The Gene: An Intimate History - Education Resources

The Gene: An Intimate History - Education Resources

Ken Burns Presents The Gene: An Intimate History

This space is a hub for WXXI's work, resources, and community experiences around the series Ken Burns presents The Gene: An Intimate History

WXXI has been awarded grants to share this two-part documentary series, based on Pulitzer Prize-winning author Dr. Siddhartha Mukherjee’s book of the same name, host community experiences, facilitate trainings, and share resources. This space will highlight information and resources from the series, as well as provide details about any virtual or in-person events, screenings, and trainings that may occur.

The Gene: An Intimate History weaves together science, history and personal stories for a historical biography of the human genome, while also exploring breakthroughs for diagnosis and treatment of genetic diseases — and the complex ethical questions they raise. 

 Educator Resources | Full Program | The Book & Connected Books |
Upcoming Events/Trainings | More About the Series

Educator Resources

The Gene PBS LearningMedia CollectionThis four-hour documentary weaves together science, history, and personal stories to create a historical biography of the human genome. It tells the story of the rapid evolution of genetic science from Gregor Mendel’s groundbreaking experiment in the 19th century to CRISPR, and the hope that newfound powers to alter DNA with pinpoint precision will transform the treatment of some of the world’s most complex and challenging diseases. The series also tackles the daunting ethical challenges that these technologies pose for humankind. 

  • The collection focuses on: Treatments & Access, At-Home Genetic Testing, and the History of Eugenics.

The Gene Explained Animated Series (for grades 6-12th): Everybody is talking about genes. Your body is filled with them. You look the way you do because of them. But do you really know what a gene is? This animated series won’t get you a PhD, but it does clear up a few mysteries about how genes work, how they make us, if we can change them and what they might look like in the future. (Microscope not required.)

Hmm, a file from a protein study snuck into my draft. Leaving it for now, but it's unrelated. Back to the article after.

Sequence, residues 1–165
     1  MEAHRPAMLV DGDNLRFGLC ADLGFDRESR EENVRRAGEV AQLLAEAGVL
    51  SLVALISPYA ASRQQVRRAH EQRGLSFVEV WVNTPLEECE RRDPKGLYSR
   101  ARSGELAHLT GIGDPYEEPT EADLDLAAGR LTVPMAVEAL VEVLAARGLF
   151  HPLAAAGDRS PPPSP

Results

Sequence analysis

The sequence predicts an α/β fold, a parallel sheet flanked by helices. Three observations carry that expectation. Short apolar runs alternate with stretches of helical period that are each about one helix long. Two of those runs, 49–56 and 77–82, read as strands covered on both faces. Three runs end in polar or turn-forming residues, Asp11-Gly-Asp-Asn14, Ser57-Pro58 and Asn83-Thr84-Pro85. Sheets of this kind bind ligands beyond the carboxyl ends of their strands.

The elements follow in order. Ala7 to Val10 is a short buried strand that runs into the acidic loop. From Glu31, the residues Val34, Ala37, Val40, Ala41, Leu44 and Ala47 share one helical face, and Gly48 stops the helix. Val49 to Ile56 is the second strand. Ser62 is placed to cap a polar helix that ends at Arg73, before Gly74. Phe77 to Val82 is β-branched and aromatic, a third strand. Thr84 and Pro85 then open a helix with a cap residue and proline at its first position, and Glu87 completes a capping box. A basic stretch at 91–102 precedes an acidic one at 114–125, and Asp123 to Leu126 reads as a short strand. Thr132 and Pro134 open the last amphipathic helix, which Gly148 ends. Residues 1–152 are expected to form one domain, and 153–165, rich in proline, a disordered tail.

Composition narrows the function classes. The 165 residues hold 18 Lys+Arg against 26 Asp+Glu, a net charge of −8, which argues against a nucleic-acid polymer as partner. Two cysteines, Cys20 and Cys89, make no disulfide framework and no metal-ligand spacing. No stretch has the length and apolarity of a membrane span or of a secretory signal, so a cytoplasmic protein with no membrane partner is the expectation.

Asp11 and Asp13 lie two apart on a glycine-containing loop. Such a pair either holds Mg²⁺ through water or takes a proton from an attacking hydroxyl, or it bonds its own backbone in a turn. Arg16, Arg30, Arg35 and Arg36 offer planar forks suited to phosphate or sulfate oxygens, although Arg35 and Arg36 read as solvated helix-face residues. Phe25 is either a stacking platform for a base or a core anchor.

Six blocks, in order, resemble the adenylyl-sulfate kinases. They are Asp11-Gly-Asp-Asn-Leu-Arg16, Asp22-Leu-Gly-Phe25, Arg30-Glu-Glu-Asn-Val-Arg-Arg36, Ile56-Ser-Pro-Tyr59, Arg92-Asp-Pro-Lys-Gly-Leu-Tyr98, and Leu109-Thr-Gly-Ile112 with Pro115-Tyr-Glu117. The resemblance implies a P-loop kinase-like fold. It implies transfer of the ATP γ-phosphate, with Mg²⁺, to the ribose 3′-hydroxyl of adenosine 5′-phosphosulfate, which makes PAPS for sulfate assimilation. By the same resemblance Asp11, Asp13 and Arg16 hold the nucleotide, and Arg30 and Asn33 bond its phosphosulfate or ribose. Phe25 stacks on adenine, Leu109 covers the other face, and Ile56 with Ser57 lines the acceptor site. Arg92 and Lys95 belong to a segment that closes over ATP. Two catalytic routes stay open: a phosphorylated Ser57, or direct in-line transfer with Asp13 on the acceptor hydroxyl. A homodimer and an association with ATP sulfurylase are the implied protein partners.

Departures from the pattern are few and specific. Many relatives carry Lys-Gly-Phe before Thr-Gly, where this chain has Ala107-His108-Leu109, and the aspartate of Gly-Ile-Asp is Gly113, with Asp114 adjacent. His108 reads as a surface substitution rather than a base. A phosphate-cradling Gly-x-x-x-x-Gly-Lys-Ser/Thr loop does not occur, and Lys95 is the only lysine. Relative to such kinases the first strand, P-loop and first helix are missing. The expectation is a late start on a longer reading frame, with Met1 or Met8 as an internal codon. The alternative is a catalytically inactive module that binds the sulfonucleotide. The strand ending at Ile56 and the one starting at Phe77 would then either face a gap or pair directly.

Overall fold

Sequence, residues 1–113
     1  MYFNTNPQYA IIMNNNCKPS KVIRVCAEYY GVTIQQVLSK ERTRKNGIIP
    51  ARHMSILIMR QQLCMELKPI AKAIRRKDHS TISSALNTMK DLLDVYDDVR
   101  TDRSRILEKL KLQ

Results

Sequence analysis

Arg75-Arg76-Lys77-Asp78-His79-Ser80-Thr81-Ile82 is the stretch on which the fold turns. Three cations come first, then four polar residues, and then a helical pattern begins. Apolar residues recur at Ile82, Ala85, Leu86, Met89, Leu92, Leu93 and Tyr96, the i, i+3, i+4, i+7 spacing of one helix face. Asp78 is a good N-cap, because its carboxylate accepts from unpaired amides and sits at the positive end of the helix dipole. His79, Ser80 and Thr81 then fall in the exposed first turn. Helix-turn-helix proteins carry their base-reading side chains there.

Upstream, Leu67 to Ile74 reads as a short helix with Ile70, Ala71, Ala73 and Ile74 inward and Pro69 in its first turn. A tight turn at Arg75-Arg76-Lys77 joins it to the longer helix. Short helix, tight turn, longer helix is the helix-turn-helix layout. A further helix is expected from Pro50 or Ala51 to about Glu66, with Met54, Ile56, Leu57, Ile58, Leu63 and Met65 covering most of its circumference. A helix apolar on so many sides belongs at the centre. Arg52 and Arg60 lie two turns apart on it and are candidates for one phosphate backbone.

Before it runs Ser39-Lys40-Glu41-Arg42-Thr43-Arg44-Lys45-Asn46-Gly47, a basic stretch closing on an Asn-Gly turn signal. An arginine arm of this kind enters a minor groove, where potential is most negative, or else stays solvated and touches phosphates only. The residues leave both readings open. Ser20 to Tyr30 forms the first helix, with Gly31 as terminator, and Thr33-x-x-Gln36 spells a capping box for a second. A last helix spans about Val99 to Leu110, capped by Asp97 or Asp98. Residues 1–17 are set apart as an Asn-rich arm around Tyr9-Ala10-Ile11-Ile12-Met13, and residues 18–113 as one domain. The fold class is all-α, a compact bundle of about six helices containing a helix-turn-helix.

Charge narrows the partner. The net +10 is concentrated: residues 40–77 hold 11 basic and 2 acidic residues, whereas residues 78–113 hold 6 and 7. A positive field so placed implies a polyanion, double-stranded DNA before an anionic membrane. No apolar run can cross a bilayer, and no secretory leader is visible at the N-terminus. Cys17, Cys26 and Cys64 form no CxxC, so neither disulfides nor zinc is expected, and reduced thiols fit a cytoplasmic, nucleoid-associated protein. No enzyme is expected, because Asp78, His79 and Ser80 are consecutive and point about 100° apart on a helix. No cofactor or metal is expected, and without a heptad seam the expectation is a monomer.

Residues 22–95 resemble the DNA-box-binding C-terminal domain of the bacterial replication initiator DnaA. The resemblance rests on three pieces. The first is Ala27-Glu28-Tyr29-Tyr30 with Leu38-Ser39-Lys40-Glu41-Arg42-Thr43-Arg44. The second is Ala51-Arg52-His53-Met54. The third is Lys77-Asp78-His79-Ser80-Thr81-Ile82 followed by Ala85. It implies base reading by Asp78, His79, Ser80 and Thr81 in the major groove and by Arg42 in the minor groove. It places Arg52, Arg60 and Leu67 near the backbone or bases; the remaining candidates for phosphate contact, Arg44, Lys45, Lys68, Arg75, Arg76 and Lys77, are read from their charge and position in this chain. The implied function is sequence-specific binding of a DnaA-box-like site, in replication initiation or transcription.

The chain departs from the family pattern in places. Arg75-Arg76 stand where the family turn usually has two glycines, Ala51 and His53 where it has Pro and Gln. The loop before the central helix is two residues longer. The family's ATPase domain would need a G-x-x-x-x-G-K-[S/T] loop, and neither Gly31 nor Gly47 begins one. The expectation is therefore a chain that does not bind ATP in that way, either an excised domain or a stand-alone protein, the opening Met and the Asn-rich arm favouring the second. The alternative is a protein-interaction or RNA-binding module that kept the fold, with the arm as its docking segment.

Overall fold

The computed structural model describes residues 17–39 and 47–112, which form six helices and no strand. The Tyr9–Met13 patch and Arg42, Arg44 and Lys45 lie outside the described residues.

Articles & News Stories: This curated list includes articles and current news stories related to genetics, genomics research, eugenics, and other topics referenced in PBS’ The Gene. These materials are appropriate for educators who serve and work with middle and high school-level students. Please preview all materials prior to using to check for appropriateness.

The Gene Connected PBS LearningMedia Resources: WXXI Education team curated a list of additional resources available from within PBS LearningMedia NY. This list contains lesson plans, videos, interactives and more, from public media partners such as NOVA. These educational materials are geared towards middle and high school and support topics such as: DNA, genetic testing, genomics, eugenics, ethics, and more. 

Full Program
Watch episode 1 and 2 of the full "The Gene" series on PBS LearningMedia. Full series length: ~ 4 hours

  • Watch The Gene in Full
    • Episode 1 Description: The story of a young family searching for a cure for their four-year-old daughter’s rare genetic disease, with stories of the discoveries of the pioneers in genetics. It also tracks the dark period in human history when a little genetic knowledge was used to justify terrible human experiments. (Running time: 1:54:09)

    • Episode 2 Description: The story of the signature scientific achievement of our time: the mapping of the human genome. As scientists learn to read the genetic code, they grapple with the dangers of increasingly sophisticated and easily available methods of intervening in the very essence of what makes us human, our DNA. (Running time: 1:54:10)

The Book & Connected Book Lists